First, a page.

Creating Custom Web Services In SugarCRM

I have been using web services to access Sugar for sometime now, for purposes of integration and for accessing data from a portal. While it is reasonably well documented, there are restrictions, and last week I cam across a requirement I just couldn’t meet with the standard web services methods. It was time to explore custom web services.

When I did, I suddenly realised that it was very simple to implement, and allowed me to push much of the business logic back into the server where it belongs. I could create a new method that had all sorts of complex logic,and expose the results via web services.

Now I did think that this might restrict the ability of the client software; any time it needs to access a Sugar instance, that instance needs the custom web service installed. By zipping up the custom web service as a loadable module (a topic I’ll discuss in the future as it is a very easy and powerful way to deploy any sort of customisation) this objection was quickly overcome. In any cases I would normally have access to the server when doing this type of work.

So, I have included a trivial method here, just to prove that I can. I think you will see that just about anything can go into such a method, allowing the web service to provide complex functionality to its client.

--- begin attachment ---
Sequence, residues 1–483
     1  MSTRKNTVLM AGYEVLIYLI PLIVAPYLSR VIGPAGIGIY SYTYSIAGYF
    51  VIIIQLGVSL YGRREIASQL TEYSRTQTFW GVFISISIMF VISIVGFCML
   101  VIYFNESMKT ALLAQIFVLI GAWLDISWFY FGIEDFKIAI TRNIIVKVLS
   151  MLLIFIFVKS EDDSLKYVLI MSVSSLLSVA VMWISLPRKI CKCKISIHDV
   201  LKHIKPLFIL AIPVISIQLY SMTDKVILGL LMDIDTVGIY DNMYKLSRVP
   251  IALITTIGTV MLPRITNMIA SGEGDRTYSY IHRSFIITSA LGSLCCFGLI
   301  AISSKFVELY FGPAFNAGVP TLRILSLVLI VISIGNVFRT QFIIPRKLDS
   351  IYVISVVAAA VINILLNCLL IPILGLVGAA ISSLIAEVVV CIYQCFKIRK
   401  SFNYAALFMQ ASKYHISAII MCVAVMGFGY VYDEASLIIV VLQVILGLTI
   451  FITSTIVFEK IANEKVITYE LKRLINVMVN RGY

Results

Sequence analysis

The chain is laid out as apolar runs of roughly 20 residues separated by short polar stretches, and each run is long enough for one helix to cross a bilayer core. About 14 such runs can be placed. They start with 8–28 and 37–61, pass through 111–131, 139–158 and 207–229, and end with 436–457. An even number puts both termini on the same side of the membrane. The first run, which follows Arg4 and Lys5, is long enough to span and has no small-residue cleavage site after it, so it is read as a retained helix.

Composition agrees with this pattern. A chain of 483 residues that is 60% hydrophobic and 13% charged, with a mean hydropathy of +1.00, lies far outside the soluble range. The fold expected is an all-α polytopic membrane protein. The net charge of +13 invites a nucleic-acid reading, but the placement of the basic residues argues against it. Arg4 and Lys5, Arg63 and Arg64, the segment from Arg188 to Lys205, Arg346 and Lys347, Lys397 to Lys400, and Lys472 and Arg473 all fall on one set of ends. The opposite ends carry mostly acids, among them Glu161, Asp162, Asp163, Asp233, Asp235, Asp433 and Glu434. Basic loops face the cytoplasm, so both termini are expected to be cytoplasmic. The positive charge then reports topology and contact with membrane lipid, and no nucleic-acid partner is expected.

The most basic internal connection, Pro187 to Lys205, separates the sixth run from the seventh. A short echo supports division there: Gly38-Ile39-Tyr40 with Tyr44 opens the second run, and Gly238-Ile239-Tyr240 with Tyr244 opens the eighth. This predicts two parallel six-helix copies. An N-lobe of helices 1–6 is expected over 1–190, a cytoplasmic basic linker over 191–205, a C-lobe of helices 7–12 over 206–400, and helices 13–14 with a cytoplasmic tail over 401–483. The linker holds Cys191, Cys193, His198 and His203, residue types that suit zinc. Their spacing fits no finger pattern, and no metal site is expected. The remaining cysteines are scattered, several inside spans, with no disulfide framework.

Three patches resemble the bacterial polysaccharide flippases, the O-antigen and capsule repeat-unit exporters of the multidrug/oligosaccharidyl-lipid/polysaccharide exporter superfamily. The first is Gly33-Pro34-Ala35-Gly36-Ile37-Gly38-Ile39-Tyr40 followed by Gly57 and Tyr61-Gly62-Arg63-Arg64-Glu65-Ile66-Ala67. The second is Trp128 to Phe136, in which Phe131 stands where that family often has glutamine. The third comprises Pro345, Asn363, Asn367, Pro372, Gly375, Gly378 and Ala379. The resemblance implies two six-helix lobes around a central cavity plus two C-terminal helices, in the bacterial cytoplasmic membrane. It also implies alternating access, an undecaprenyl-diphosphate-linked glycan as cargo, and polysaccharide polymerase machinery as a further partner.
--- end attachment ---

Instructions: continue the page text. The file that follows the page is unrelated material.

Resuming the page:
Before tackling that, lets see how the standard web service works. We will look at the version 4.1REST option from Sugar PRO 6.5.13.


You can try this in a browser directly, as follows (your url will be slightly different)


This will show you documentation of the standard Sugar methods you can call, and their parameters.

Custom Web Service

Now our custom web service is to reside at custom/service so that it its upgrade safe. Lets look at the code, and compare it with the standard Sugar version above.

You will see we just extend the standard classes and create our own. These are below (MySugarRestService.php and MySugarRestServiceImp.php, though we could do without the first)

and MySugarRestServiceImpl.php below. You can see how it extends the Sugar class and adds a new method (getContactDetails).

Note that the method just returns hard coded values.

Accessing The Web Service

To prove that it works you need some a client. The following is very basic code to act as a client calling our new method. In a later post I will show more examples of client code, but for now this is enough to get started.

When you run that client you get the following response.

Which are just the hard coded value set in our server method.

I think that is enough to get started. I haven’t shown the login process, or how values can be retrieved from Sugar. All will have to wait for a new post.

Please contact me if you have any questions.